A few days ago, I attended a beautiful funeral service for a friend of the family who battled lymphoma for 14 months. David was a senior when I was a freshman in high school. He was close friends with my older sister and I am close friends with his younger sister who graduated the year after me.
It was too soon for him to pass away. He left behind a beautiful family, and over 200 people attended the service-a testament to the amount of lives that he influenced in a positive way.
I can say that David had a role in the very beginning of my dating life.
I remember a grey Fall day outside our school when my older sister called me over to their group on the blacktop in front of the middle school. Usually this was a scary proposition; my sister's friends were intimidating, popular, beautiful, and successful. Sometimes, out of sheer boredom, her guy or girlfriends would haze me.
But this time, there was a noble reason. My sister said:
"Hey, it's time you learned about asking out a girl. David is going to explain it to you."
There was a fine line between humiliation and exaltation with my sister. She's always been such a powerful person-I felt so fulfilled when she, amongst the hazing, took care of me or stood up for me. It helped me remember that she did indeed love me. Then again, she could be so creatively mean to me, but I still had to respect it anyway.
David put his arm around me and walked me away from the crowd. This really helped me understand that he was going to give me real advice that mattered. He said:
"OK, Rich. When you like a girl, you let her know you're interested by asking her out."
Then he cited all these "power couples" in my sister's class.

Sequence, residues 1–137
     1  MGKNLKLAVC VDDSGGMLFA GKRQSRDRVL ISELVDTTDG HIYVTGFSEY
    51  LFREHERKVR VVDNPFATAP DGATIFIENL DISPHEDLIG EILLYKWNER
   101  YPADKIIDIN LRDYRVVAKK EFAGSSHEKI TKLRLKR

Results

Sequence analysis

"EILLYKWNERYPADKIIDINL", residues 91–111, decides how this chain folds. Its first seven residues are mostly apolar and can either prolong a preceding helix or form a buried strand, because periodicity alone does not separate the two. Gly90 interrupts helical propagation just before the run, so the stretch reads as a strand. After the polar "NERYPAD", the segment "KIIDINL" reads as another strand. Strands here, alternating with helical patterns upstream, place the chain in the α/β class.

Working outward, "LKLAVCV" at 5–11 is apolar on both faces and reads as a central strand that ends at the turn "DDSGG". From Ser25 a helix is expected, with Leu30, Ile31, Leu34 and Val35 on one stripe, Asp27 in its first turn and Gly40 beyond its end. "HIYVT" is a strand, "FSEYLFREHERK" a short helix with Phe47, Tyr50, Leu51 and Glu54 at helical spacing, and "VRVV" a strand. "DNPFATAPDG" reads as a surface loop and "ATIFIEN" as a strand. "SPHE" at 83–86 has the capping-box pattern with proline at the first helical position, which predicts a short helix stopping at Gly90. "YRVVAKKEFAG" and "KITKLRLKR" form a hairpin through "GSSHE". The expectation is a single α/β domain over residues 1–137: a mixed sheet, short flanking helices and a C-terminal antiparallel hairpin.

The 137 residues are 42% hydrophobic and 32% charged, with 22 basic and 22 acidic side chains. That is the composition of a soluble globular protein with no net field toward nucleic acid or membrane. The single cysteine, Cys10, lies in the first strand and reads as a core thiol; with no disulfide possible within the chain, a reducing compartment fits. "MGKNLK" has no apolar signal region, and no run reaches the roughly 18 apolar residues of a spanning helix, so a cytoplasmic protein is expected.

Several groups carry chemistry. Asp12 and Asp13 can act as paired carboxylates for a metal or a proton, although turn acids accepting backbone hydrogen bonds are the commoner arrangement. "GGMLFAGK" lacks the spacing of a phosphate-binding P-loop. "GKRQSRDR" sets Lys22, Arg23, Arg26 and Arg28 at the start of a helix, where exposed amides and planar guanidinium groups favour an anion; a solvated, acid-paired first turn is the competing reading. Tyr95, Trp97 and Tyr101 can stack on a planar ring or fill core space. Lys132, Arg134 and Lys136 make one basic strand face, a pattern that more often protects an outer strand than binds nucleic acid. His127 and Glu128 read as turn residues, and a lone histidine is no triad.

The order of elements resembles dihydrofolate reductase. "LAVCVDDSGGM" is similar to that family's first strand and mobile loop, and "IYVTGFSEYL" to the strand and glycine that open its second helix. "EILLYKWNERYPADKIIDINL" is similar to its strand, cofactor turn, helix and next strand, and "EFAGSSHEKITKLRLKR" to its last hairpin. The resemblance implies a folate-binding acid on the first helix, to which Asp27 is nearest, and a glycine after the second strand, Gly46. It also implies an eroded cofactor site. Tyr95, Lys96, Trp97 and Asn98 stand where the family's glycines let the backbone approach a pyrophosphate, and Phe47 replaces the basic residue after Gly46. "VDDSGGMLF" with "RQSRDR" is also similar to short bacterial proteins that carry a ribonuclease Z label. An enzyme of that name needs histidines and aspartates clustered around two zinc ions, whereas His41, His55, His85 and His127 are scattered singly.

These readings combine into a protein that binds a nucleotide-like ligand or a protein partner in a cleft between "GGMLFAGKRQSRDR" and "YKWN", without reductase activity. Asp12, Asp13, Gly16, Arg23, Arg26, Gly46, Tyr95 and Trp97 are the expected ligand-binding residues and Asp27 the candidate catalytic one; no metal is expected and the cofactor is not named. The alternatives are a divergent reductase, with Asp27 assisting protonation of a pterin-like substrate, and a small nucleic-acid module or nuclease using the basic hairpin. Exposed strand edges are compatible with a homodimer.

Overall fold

"They all did the same thing. The guy liked the girl so he asked her out. Sometimes a girl asks a guy out, but it's not as common. You can give her a pin or something to symbolize that you've asked her out and you are then going out. Just remember that it's a lady's choice, and don't take it personally if she says no."
It took years for me to understand that last part, but I did capitalize on his advice immediately.
I went home and dug up the only pin I could find: a Continental Airlines pin a stewardess gave me. I knew who I was going to ask out: a girl named Liz. Liz was so intelligent that she seemed more composed than the other girls-as composed as a 4th grader could be. So, I left a note asking if I could go out with her in her locker, and wrapped the pin inside the note.
Later on in the day, Liz came up to me and demonstrated one of the amazing things about being a kid. Kids have so few cares in the world, they can walk up to each other and mutter one word at any point in the day and, due to the lack of affairs in a kid's life, they can take out of context what that word referred to.
Liz walked up to me and just said: "yes".
Of course, she ran away after that giggling-starting a long trend of girls that would run away from me (only nowadays they are crying). But, David had helped me get my first girlfriend!
But at the end of the service, I heard some amazing words. The Rabbi who spoke had married David and his wife was speaking. She mentioned how David's wife described their marriage to her:
"It gets better every day."
So Dave introduced me to relationships and dating. I was lucky to have a kind, considerate person teach me a thoughtful and simple lesson. And, today, I now know that once a date grows into something bigger, I'll know it's right when I feel like the relationship is getting better every day.
Thank you, David, for leading an example for the right way to love...from first date to marriage.
I've written that it's not safe or healthy to look back. But maybe sometimes we should look back to remember how lucky we are to have the people we've had in our lives, and to remember what they've taught us.
What would you say was the best piece of love or dating advice you've ever gotten, and who was the person who gave it to you?